The decision examines the narrow line between an employer introducing preparatory measures for the creation of a new business and the management of a company established for the possibility of entering into green grassland agreements under the Fair Work Act 2009 (FW Act). On the basis of this evidence, the Vice-President concluded that the TGB had employed six people necessary for the normal behaviour of the new company before the agreement with the unions was reached. Agreements in the green grasslands must include a real new venture; a company cannot simply launch a new project and use it as a reason to negotiate an agreement in the green prairie.  When referring to a site, greenfields refers to a site of a company where there has been no building to date or a company operating in a market where there has been little or no previous activity. On 9 November 2018, after the expiry of the second six-month negotiation period and the non-agreement with the relevant trade unions, the joint venture asked the FWC for approval of the tunnel construction contract and the civil surface works agreement. The unions rejected the adoption of the agreements, firstly on the grounds that they did not relate to a genuine new venture in the joint venture. Greenfields agreements are generally sought when an employer has not employed employees to vote and approve an agreement on a new business. This is a typical scenario for new resource projects on previously untapped land. … the six-month period is too long to be a satisfactory circuit breaker.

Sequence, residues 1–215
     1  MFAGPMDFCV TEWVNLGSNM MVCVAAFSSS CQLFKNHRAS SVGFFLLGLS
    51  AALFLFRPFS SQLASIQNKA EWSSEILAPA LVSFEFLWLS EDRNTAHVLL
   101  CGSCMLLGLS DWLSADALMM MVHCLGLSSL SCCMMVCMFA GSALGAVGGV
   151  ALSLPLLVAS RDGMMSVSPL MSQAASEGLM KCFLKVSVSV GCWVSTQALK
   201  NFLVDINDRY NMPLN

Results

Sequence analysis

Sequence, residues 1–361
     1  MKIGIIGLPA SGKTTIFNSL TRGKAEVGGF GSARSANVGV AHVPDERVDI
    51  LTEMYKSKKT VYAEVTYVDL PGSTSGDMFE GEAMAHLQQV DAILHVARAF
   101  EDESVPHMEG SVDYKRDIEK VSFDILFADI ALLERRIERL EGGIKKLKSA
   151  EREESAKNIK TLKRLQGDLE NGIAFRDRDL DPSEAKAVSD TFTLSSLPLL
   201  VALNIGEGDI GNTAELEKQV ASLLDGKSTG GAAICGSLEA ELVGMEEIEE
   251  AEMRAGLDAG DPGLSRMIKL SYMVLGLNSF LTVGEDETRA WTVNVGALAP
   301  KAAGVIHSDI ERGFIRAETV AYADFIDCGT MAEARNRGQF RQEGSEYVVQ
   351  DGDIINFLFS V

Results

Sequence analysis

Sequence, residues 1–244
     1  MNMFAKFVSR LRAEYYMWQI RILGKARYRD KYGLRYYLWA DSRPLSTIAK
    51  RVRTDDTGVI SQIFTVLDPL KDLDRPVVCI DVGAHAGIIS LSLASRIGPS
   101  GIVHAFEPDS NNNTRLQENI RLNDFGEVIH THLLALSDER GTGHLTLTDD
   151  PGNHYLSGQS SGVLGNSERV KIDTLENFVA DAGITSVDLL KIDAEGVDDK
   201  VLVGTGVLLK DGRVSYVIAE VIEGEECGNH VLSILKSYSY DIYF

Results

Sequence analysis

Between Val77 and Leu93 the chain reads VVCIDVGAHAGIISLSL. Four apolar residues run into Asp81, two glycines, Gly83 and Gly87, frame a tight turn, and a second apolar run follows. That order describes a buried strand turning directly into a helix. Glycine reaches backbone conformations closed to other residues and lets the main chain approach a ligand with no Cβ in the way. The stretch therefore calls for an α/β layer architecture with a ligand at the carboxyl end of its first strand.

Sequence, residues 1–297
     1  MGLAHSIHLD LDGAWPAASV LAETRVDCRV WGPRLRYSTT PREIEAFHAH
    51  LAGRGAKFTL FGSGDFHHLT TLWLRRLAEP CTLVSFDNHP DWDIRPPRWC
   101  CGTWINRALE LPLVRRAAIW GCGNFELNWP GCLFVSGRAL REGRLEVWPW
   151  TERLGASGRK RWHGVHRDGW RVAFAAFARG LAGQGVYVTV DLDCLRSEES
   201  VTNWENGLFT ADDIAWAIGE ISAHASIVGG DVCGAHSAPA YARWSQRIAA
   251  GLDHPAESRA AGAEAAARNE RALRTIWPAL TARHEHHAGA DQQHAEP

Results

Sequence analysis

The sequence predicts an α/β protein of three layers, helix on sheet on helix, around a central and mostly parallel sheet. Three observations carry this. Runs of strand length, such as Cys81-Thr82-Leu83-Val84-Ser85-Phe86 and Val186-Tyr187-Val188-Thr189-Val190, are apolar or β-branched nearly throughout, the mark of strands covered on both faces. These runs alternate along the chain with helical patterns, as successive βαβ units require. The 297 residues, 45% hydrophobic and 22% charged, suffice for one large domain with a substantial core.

This concern is reinforced if the period prior to notification and the period following a commission request for fair work are taken into account when approving an agreement. This is an unreasonable period of uncertainty that has the real potential to prevent a major resource development proposal or seriously disrupt and delay those projects or companies that wish to participate.  The Vice-President usefully took the following examples of acceptable and unacceptable preparatory actions: In July 2014, a Full Bench in Tutt Bryant Group Limited T/A Tutt Bryant Heavy Lift and Shift  FWCFB 4342 confirmed a decision by Vice President Gostencnik that employees specifically employed for the conduct of the new company may only work with the employer after the Greenfields agreement. The nature of the activities that can be concluded (without engaging the actual work or activity of the new entity) should be particularly taken into account when negotiating an enterprise agreement, particularly when an agreement is unlikely and the legal six-month negotiating period will be required before an application for approval of the agreement is submitted to the Commission. In the recent decision of CPB Contractors Pty Limited – John Holland Pty Ltd, the Fair Work Commission (FWC) considered the possibility of entering into Greenfields agreements for a major Victorian infrastructure project. Where a proposed agreement on a business is an agreement in the green prairie, an employer who is a bargaining representative for the agreement may communicate in writing that the most recent case law has examined in detail some of these requirements and serves as a useful guidance for what is needed to meet the requirements.